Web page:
Over the past fifty years, outstanding leaders in health education repeatedly stressed the importance of political, economic, and social factors as determinants of health. Mayhew Derryberry (1960) noted that "health education ... requires careful and thorough consideration of the present knowledge, attitudes, goals, perceptions, social status, power structure, cultural traditions, and other aspects of whatever public is to be addressed." In 1966, Dorothy Nyswander spoke of the importance of attending to social justice and individuals' sense of control and self-determination (Nyswander, 1966). These ideas were reiterated later when William Griffiths (1972) stressed that "health education is concerned not only with individuals and their families, but also with the institutions and social conditions that impede or facilitate individuals toward achieving optimum health" (emphasis added).
The view of health education as an instrument of social change has been renewed and invigorated during the past decade. Policy, advocacy, and organizational change have been adopted as central activities of public health and health education. Most recently, experts have explicitly recommended that interventions on social and behavioral factors related to health should link multiple levels of in- fluence, including the individual, interpersonal, institutional, community, and policy levels (Smedley and Syme, 2000). This volume purposefully includes chapters on community and societal influences on health behavior and strategies to effect community and social policy changes. In this context, definitions of health education and health promotion can be recognized and discussed as overlapping and intertwined.
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Preface C. Tracy Orleans Orleans, C. Tracy
Pt. 1 Health Education and Health Behavior: The Foundations 1
1 The Scope of Health Behavior and Health Education The Editors 3
2 Theory, Research, and Practice in Health Behavior and Health Education The Editors 23
Pt. 2 Models of Individual Health Behavior Barbara K. Rimer Rimer, Barbara K. 41
3 The Health Belief Model Victoria L. Champion Champion, Victoria L. Celette Sugg Skinner Skinner, Celette Sugg 45
4 Theory of Reasoned Action, Theory of Planned Behavior, and the Integrated Behavioral Model Daniel E. Montano Montano, Daniel E. Danuta Kasprzyk Kasprzyk, Danuta 67
5 The Transtheoretical Model and Stages of Change James O. Prochaska Prochaska, James O. Colleen A. Redding Redding, Colleen A. Kerry E. Evers Evers, Kerry E. 97
6 The Precaution Adoption Process Model Neil D. Weinstein Weinstein, Neil D. Peter M. Sandman Sandman, Peter M. Susan J. Blalock Blalock, Susan J. 123
7 Perspectives on Health Behavior Theories that Focus on Individuals Noel T. Brewer Brewer, Noel T. Barbara K. Rimer Rimer, Barbara K. 149
Pt. 3 Models of Interpersonal Health Behavior 167
8 How Individuals, Environments, and Health Behaviors Interact: Social Cognitive Theory Alfred L. McAlister McAlister, Alfred L. Cheryl L. Perry Perry, Cheryl L. Guy S. Parcel Parcel, Guy S. 169
9 Social Networks and Social Support Catherine A. Heaney Heaney, Catherine A. Barbara A. Israel Israel, Barbara A. 189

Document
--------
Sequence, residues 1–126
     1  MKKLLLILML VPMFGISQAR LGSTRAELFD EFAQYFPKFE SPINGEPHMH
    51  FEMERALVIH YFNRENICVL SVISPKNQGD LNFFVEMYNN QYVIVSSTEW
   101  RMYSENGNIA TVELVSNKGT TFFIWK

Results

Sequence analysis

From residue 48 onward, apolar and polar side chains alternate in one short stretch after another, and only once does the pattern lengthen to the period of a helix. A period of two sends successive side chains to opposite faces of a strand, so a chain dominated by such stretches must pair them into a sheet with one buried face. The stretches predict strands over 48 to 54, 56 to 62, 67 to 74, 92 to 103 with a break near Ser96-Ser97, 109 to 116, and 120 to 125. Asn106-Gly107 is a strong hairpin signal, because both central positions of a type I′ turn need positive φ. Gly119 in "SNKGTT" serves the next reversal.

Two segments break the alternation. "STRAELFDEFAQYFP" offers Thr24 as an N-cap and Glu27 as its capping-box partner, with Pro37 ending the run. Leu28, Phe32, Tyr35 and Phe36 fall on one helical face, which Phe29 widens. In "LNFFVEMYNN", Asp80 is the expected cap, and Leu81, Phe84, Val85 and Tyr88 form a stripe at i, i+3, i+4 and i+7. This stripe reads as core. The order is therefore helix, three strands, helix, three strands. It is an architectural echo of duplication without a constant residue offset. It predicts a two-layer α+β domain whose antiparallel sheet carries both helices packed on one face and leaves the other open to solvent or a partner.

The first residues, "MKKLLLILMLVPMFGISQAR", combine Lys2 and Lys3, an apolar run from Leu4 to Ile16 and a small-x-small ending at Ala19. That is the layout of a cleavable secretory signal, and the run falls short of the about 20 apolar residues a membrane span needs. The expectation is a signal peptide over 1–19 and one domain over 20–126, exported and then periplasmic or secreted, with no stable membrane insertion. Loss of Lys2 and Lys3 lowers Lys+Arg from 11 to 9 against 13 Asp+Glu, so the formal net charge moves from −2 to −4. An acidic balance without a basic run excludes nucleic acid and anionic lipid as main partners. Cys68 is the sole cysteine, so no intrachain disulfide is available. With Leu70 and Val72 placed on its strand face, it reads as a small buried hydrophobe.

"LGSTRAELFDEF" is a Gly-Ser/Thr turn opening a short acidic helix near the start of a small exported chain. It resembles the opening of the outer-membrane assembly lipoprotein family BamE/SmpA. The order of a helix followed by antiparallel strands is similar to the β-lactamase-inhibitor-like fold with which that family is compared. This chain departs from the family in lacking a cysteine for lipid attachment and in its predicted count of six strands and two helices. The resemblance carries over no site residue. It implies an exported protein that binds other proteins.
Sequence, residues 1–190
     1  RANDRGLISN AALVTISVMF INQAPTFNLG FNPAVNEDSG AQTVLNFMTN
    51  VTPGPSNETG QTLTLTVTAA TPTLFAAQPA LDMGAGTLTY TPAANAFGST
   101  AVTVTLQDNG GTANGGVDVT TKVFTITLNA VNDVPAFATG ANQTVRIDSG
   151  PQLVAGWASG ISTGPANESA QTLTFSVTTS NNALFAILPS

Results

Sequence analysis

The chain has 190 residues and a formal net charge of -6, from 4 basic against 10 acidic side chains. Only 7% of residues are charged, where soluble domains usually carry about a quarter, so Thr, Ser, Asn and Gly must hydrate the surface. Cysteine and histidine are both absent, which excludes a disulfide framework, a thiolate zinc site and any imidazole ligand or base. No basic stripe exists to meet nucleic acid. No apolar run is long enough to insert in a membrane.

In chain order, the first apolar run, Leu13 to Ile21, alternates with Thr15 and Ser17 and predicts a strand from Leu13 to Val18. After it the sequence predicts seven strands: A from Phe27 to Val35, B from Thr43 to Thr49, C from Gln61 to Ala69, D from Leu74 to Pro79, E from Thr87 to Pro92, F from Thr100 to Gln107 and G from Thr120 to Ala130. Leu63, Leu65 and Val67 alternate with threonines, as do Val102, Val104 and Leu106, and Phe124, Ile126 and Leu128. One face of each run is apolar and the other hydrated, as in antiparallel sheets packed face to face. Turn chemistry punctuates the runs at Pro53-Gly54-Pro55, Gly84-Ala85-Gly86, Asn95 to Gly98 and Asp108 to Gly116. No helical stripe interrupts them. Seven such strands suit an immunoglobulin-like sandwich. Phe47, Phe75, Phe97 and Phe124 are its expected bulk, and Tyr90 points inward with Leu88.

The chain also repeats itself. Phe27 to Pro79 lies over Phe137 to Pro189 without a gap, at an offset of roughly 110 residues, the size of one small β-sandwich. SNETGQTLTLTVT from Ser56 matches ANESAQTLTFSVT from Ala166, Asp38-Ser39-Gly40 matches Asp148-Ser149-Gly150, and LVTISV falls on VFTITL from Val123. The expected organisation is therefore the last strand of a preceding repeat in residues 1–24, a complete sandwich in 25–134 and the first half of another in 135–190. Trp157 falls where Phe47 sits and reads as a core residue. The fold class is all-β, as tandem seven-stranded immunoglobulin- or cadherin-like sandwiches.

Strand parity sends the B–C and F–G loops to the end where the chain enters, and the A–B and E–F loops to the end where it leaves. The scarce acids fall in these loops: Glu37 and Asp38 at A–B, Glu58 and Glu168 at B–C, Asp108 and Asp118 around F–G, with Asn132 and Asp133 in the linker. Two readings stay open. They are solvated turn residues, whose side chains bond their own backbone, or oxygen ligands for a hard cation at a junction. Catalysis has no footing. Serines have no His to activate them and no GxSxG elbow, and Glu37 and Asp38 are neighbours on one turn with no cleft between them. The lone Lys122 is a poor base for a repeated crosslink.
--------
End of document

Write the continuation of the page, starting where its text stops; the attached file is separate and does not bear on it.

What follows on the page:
10 Stress, Coping, and Health Behavior Karen Glanz Glanz, Karen Marc D. Schwartz Schwartz, Marc D. 211
11 Key Interpersonal Functions and Health Outcomes: Lessons from Theory and Research on Clinician-Patient Communication Richard L.Street, Jr. Street, Richard L., Jr. Ronald M. Epstein Epstein, Ronald M. 237
12 Perspectives on Models of Interpersonal Health Behavior K. Viswanath Viswanath, K. 271
Pt. 4 Community and Group Models of Health Behavior Change Karen Glanz Glanz, Karen 283
13 Improving Health Through Community Organization and Community Building Meredith Minkler Minkler, Meredith Nina Wallerstein Wallerstein, Nina Nance Wilson Wilson, Nance 287
14 Diffusion of Innovation Brian Oldenburg Oldenburg, Brian Karen Glanz Glanz, Karen 313
15 Mobilizing Organizations for Health Promotion: Theories of Organizational Change Frances Dunn Butterfoss Butterfoss, Frances Dunn Michelle C. Kegler Kegler, Michelle C. Vincent T. Francisco Francisco, Vincent T. 335
16 Communication Theory and Health Behavior Change: The Media Studies Framework John R. Finnegan, Jr. Finnegan, John R., Jr. K. Viswanath Viswanath, K. 363
17 Perspectives on Group, Organization, and Community Interventions Michelle C. Kegler Kegler, Michelle C. Karen Glanz Glanz, Karen 389
Pt. 5 Using Theory in Research and Practice 405
18 Using the Precede-Proceed Model to Apply Health Behavior Theories Andrea Carson Gielen Gielen, Andrea Carson Eileen M. McDonald McDonald, Eileen M. Tiffany L. Gary Gary, Tiffany L. Lee R. Bone Bone, Lee R. 407
19 Social Marketing J. Douglas Storey Storey, J. Douglas Gary B. Saffitz Saffitz, Gary B. Jose G. Rimon Rimon, Jose G. 435
20 Ecological Models of Health Behavior James F. Sallis Sallis, James F. Neville Owen Owen, Neville Edwin B. Fisher Fisher, Edwin B. 465
21 Evaluation of Theory-Based Interventions Russell E. Glasgow Glasgow, Russell E. Laura A. Linnan Linnan, Laura A. 487
22 Perspectives on Using Theory: Past, Present, and Future Karen Glanz Glanz, Karen Barbara K. Rimer Rimer, Barbara K. 509
Name Index 523
Subject Index 533
Posted December 13, 2009
No text was provided for this review.
Posted January 29, 2012
No text was provided for this review.